PR Success

How to Write a Successful Press Release

A press release is one of the key ways you can communicate news about your company to the mass media. Reporters, editors, and suppliers are hungry for news, and they often depend on releases to tip them off to new and unusual products, company trends, tips and hints, and other developments. In fact, much of what you read in newspapers, magazines, or trade publications, hear on the radio or see on television originated in press release form. Unfortunately, the average editor receives as many as several hundred press releases each week, the vast majority of which end up getting “filed. ” Your challenge is to create a release that makes the journalist want to know more and discover that your story is one they must tell.

Use these 10 tips to write a release that will get noticed.

Use an active headline to grab the reporter’s attention

The headline makes your release stand out. Keep it short, active, and descriptive; in other words, use something like “Doe Named Man of the Year ” instead of ” John Doe Gets Award”.

Put the most important information at the beginning

This is a tried and true rule of journalism. The reporter should be able to tell what the release is about from the first two paragraphs. In fact, chances are that’s all they may read. So don’t hide good information. And remember the “5 W’s and the H” – ensure that your launch provides answers to Who, What, When, Where, Why and How.

Avoid hype and unsubstantiated claims

A article writer can smell a sales page a mile away. Rather than making over-inflated statements, offer genuine, usable information. Find genuine methods to set you as well as your company aside and stress those factors. To market your business, create a launch that answers queries about your business, instead of one that provides just general statements about how exactly great or interesting your business can be without saying why.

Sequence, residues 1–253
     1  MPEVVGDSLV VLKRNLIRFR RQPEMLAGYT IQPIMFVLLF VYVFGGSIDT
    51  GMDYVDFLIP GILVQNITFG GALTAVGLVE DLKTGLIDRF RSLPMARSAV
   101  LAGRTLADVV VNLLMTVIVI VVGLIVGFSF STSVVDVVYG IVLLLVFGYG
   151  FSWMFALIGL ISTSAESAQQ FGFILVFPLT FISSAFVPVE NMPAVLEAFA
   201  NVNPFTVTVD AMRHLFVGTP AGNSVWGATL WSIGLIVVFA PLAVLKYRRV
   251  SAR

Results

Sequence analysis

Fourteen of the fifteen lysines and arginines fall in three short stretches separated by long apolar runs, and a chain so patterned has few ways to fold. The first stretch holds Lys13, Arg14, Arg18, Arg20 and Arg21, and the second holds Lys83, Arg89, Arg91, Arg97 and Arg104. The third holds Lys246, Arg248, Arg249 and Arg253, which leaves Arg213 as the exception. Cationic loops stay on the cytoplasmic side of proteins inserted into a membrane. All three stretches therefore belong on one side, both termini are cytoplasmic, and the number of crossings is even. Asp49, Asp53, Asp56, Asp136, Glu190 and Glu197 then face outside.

Be active also to the point

Use language that may get the reader as worked up about your news when you are. If your release can be boring or meandering, they could assume that you’ll not be considered a good interview.

Keep your launch to two web pages or less

On the rare occasion, you can decide on a third page if it’s necessary to offer critical details. Otherwise, if you cannot condition your message in two webpages, you are not getting to the idea.

Include a contact

Ensure that your release includes a person the journalist can easily contact to find out more. This person ought to be familiar with all of the information in the launch, and should prepare yourself to answer queries. And issue the launch on your business letterhead – it appears professional and gives the writer another way to reach your firm.

Keep jargon to the minimum

If you’re in a technical field, try not to use technical terms. Many reporters are not as intimate with your company or your industry as you are. Real English, not jargon, best communicates your story.

Stress benefits

This falls into the category of “don’t say it, show it. ” Avoid saying something is “unique” or ” the best. ” Instead, show how people will benefit – i. e. save time, save money, make their life easier, etc.

Be specific and detailed

Marcia Yudkin, author of “Six Steps to Free Publicity” calls this the “Yes, but what IS it? ” syndrome. The reader needs to be able to visualize a new product, or know how a new service works. If in doubt, have someone unfamiliar with your product or service read the release and ask them to describe what you are trying to publicize. And it’s better to use too many details than too few. So, as Yudkin notes, ” Rather than ‘Jackson’s new publication includes information made to reward any currency markets investor, ‘ write, ‘Jackson’s fresh book consists of seven concepts of market evaluation that permit even informal investors to select profitable stocks. ‘ Better still, describe two of the seven concepts right in the launch. ”

Proofread

When you’ve completed your news release, be sure you proofread it for typographical mistakes. Unless you have a good attention for spelling or grammar, supply the release to a pal or colleague would you. If your release appears careless and careless, so do you want to.

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